For more than a decade, the Pernice Brothers have mostly made plush, romantic orchestral pop that doesn’t gild the lily once tended by the Zombies, Walker Brothers and Elvis Costello. True to frontman Joe Pernice’s working-class nature, the band’s sixth and latest album, Goodbye, Killer (Ashmont), does away with the sighing string section and goes straight for the guitars, from the mod-rock riffing of “Jacqueline Susann” to the Teenage Fanclub power-pop of “Something For You.” After a four-year spell between albums, the Pernice Brothers return with their leanest and most efficient effort to date. Pernice will be guest editing magnetmagazine.com all week. Read our brand new Q&A with him.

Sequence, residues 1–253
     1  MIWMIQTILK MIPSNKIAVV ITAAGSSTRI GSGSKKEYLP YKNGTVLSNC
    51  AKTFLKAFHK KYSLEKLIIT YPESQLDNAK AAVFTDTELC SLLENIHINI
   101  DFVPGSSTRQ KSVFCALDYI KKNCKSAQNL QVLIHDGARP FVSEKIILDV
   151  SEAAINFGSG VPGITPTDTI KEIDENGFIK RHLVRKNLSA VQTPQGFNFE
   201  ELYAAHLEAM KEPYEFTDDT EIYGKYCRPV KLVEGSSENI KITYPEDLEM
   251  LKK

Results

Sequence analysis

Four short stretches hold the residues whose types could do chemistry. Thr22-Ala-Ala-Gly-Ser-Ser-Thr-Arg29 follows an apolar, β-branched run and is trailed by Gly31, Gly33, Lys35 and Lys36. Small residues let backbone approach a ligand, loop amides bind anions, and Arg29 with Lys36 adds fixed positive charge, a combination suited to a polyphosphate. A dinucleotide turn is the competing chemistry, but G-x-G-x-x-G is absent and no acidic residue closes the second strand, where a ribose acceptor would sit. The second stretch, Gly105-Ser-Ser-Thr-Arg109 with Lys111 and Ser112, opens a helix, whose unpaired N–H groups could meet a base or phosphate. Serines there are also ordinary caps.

Pernice: OK, this is my final post. It must be about music. And it must be superlative. So here you go. I would never say such-and-such an album is the greatest album of all time because the ensuing debate would be tied with “which religion is better” for the most boring way to spend my ever-shrinking time on Earth. But for my money, the one album I’d choose to own if I could only own one is … Elvis Costello’s Imperial Bedroom. There you go. But I think this “desert island record” stuff is a bunch of bunk. Think about it. What state would the world have to be in for someone with the obvious authority to say, “OK, Joe, we’re moving you to this desert island, and you can only take one record with you.” To that I’d say, “Fuck the record. How about a lifetime supply of toothpaste and brushes. Maybe some penicillin and hunting and fishing gear. How about a fertile, lovely genius to help me repopulate the place?” A record? What the fuck am I going to do on a desert island with an LP? Do I get a turntable? How am I going to power the turntable, rig some monkey-driven Gilligan’s Island bamboo job? Seems like way too much work to listen to a record. Ever have giardia? Well I have not, and I don’t plan on contracting it sipping from a lemur’s toilet, listening to a record when I should have been helping my genius breeding partner concoct some sort of water-purification system. Desert island record. Please. It’s like the IRS telling you that you shouldn’t worry because even in the event of a wide scale catastrophic nuclear event, the U.S. government is prepared to continue collecting and spending tax dollars. Oh, really? Good luck. “Sorry, I seem to have to have lost my billfold in the blast. I do, however, have a surplus of poisonous seared flesh.” I could definitely live quite happily without Imperial Bedroom or any other album for that matter. I don’t want to, but I could. Now go listen to Imperial Bedroom, then read Maslow’s “Hierarchy Of Needs.”